The most important thing is that I accepted quite a long time ago that I can’t do everything. Some things just have to slide. For me, that’s housework. My house gets cleaned—the floors, clothes, kitchen, bathrooms. It’s clean enough I don’t have things growing where they shouldn’t be. That’s all that gets done, though. I don’t iron, I don’t dust, I don’t put things away very often. My writing is more important.
What has been the most useful thing to have helped you with your writing career?
Critique groups. Having fresh eyes on my work and honest people telling me what’s not working and offering suggestions on how it might be fixed, is invaluable. I’ve had some pretty scary critiques that felt more like personal attacks than anything else, but even those taught me something about my writing and how to make it better. At least they did, once I stopped ranting about their insensitivity or whining about how I’d never be any good. I’ve become better at separating myself from my work, at least I think I must have, because I haven’t had a critique bring me to tears for a while.
What are you working on next?
Once I started getting involved the story that has three timelines, two dimensions and two planets, and not told in chronological order, I realized I needed something a bit simpler to work on as a break for my brain. I’m writing another SF story that’s inspired by random elements from American slavery, 2001: A Space Odyssey, Star Trek, Animal Farm, and an article I read a while ago on the circumstances under which people turn to cannibalism. Of course with all that swimming around inside my head, what was once a simple 5000 word short story target might end up something else entirely.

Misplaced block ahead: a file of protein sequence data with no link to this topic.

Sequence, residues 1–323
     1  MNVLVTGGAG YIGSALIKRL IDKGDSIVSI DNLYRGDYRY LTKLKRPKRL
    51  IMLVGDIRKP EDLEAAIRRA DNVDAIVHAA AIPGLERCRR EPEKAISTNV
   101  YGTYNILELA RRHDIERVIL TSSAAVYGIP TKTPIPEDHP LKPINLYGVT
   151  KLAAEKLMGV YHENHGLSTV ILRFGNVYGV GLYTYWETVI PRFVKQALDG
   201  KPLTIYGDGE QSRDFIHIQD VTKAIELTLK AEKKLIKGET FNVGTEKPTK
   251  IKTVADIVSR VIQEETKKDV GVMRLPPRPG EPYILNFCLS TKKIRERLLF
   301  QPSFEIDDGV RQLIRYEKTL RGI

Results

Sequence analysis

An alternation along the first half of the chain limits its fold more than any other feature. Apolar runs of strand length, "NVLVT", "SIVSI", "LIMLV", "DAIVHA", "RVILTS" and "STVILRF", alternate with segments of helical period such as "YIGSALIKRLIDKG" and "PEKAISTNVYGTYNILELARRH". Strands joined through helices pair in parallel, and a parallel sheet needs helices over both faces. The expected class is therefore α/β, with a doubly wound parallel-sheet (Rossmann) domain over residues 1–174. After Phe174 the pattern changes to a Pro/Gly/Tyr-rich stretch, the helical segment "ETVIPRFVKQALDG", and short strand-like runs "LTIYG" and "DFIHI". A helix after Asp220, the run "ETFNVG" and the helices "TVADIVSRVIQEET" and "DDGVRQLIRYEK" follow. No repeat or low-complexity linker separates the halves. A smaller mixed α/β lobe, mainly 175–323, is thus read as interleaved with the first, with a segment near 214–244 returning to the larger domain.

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JONATHAN SHIVERED in the early morning air but not from the chill. He wrapped his arms around himself and groaned as his wound tugged against the movement. He relaxed slowly as the pain eased. From where he stood, he could see between the two apartment blocks to where the sun glinted off the Brisbane River. Five years ago he used to watch the ferries puddle their way up and down the river, dropping passengers here at Hamilton and across the way at Bulimba. He’d missed that view for a long time. He wondered if he’d miss the house now that he was leaving it.
The house was gray—morning gray, Anthony had called it, but it had always looked like unwashed, neglected underwear to him. The lines of the house were precise and symmetrical, unlike the yard. The front lawn bore scars, just like his chest. They were from his Cruiser skidding to a stop the night Anthony had sent him to kill Mark. His eyes burned as he thought how close he’d come to doing what his boyfriend told him to.